Nautilus’s Symposium in the Netherlands showed that the industry must adapt if it is to attract and retain young people recent Nautilus Netherlands branch symposium in Rotterdam posed the question: ‘How do we make the maritime industry more attractive to young people?’
It’s a thorny issue that we are grappling with also in the UK branch and across the world, with a deepening global shortfall in Merchant Navy officers predicted while around a third of current serving officers in Europe are set to retire in the next few years.
We heard from Dutch students at the symposium that many young people are increasingly ‘calling it quits’ after five or six years at sea. For many young people, being away at sea for a long time is increasingly a problem, and that online connection to family and friends is not negotiable. We also heard that access to leisure facilities onboard and employee involvement in company decision-making are also very important.
Sadly, we learned that career opportunities for far too many female seafarers continue to be curtailed due to outdated onboard roster patterns that don’t support parents with young children, or those wanting to start a family. Seafaring families of all types would benefit from a radical rethink of time onboard. The Covid-19 pandemic taught us that life is precious and all too fleeting, and in maritime we were not insulated from the ‘great quitting’ that resulted as many workers reassessed their priorities. Outdated employment practices are being rejected – for the benefit of all – and shipping must respond to this challenge.
It is so very important that we make sure our industry is one that people want to work in, particularly as our world continues to change in ways we can only start to imagine, as we move towards decarbonisation and ‘net zero’ in shipping and as we advocate for a Just Transition that sees no seafarer left behind.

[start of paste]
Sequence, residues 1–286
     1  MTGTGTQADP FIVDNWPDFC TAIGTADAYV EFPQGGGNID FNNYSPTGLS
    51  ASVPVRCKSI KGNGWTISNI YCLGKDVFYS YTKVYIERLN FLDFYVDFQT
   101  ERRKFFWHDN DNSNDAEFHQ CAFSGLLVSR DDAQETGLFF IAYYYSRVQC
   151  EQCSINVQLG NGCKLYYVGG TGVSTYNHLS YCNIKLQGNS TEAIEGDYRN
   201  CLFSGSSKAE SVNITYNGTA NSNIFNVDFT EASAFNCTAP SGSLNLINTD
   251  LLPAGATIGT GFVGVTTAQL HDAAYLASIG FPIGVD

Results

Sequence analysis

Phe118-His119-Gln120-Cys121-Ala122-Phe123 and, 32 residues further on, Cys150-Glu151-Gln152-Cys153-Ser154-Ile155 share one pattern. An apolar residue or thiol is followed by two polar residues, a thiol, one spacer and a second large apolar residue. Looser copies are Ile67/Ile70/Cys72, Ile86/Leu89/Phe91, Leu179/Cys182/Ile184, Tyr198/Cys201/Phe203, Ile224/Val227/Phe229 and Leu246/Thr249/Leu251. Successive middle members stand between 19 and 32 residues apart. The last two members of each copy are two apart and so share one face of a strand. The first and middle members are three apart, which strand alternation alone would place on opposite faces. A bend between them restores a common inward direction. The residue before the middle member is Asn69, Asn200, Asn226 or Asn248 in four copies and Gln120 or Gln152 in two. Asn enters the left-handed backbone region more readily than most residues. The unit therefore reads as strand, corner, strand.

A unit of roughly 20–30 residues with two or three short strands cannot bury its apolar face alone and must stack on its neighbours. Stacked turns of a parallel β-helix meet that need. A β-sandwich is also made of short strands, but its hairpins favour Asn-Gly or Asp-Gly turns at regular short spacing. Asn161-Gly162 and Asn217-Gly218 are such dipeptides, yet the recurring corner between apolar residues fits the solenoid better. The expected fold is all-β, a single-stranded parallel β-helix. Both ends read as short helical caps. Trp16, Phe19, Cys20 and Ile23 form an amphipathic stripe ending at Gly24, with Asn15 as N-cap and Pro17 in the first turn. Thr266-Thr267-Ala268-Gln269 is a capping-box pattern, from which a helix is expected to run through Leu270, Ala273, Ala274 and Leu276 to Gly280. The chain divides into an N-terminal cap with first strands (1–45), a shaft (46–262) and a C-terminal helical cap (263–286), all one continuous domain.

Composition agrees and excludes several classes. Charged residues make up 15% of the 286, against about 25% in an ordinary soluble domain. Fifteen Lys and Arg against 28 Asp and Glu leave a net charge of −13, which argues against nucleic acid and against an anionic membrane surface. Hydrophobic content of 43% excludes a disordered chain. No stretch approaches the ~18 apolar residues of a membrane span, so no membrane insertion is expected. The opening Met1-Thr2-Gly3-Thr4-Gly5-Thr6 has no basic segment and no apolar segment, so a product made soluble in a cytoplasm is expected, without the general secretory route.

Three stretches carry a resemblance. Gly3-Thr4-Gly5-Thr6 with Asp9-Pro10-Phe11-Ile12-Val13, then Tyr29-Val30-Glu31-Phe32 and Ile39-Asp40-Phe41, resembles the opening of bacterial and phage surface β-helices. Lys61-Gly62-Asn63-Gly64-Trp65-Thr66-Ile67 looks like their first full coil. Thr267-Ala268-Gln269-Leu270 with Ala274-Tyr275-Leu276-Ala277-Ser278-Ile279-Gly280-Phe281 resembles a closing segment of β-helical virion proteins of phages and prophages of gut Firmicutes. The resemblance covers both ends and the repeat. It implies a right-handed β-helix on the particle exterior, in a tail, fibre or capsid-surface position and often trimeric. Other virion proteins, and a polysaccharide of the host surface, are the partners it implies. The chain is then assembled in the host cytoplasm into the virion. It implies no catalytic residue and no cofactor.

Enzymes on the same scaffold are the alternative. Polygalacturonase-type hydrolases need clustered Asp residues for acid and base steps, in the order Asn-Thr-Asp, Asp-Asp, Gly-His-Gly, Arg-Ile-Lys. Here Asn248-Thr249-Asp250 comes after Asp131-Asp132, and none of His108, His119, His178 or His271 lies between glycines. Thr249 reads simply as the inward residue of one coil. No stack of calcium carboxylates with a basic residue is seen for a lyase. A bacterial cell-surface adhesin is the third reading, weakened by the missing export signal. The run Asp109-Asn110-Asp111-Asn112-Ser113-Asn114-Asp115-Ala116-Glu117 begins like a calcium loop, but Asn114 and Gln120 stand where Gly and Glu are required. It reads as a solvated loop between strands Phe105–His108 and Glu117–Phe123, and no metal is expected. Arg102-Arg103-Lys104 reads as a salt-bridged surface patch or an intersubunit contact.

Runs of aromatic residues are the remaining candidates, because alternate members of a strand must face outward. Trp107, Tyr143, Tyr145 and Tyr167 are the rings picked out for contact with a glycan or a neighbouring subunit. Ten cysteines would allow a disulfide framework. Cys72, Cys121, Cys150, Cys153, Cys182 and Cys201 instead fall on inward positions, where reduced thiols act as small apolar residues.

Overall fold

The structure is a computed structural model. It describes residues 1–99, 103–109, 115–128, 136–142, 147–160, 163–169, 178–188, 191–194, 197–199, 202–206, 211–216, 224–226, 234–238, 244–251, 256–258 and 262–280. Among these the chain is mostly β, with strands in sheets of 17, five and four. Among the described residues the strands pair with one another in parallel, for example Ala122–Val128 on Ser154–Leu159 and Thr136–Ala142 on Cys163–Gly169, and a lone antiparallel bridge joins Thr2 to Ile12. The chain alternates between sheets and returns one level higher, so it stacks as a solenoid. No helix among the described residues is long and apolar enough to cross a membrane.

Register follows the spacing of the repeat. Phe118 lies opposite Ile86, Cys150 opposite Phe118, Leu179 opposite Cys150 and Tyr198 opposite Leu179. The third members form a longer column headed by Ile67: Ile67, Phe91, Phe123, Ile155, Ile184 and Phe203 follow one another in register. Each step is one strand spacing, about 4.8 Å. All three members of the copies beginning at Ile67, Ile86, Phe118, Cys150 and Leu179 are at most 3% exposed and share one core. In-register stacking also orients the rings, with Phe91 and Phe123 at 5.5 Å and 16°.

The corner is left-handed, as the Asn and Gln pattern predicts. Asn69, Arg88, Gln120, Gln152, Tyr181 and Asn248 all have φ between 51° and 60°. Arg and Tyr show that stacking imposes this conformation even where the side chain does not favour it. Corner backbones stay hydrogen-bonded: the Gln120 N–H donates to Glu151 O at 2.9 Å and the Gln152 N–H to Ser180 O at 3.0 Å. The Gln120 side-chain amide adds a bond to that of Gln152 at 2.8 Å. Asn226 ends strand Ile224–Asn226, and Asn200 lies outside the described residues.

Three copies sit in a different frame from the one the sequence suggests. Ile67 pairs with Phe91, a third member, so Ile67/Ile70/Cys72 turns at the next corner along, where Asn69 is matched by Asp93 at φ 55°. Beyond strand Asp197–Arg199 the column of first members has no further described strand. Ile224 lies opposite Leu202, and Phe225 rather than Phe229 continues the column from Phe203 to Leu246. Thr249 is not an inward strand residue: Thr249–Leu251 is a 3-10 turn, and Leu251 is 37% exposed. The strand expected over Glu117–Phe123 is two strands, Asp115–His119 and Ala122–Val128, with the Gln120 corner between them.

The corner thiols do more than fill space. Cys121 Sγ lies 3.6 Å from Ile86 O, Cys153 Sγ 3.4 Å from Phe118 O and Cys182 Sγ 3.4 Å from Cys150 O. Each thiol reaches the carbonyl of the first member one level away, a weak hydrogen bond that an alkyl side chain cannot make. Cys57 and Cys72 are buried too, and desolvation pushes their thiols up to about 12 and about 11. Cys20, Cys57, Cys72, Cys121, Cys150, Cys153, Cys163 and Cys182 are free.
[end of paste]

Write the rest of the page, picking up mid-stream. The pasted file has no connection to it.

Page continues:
Unions showing the way
A maritime industry that is full of hope, aspiration and opportunity, that provides decent work with good wages and conditions, medical care, training opportunities, career advancement and security in retirement, is an industry worth being part of.
I was proud to take that message to the International Transport Workers’ Federation (ITF) Seafarers’ Expo in Manila on International Day of the Seafarer, which gave thousands of seafarers and their families the opportunity to speak with ITF inspectors, as well as legal, labour and health experts, about the issues affect their working lives.
Maritime professionals of all ages, genders, ethnicities and experience need to know that this industry is one in which they can have long and successful careers – supported and empowered by their trade unions.
This starts as soon as a young person begins their maritime training, and that is why Nautilus has called for urgent action from the UK government to address shortcomings in the UK cadet training system that have been identified by the Maritime Skills Commission.
I would like to see UK cadet training programmes being modernised and administered centrally in the best interests of students, not fragmented and not based on the financial interests of sponsoring shipowners or their contracted training providers. By treating cadets with dignity, supporting them in the move to sea, giving them choice where they study, and ensuring they have enough to live on, we will provide a strong foundation for a lifelong career in maritime – at sea and ashore. It is surely in the national interest and our politicians have a duty to understand this.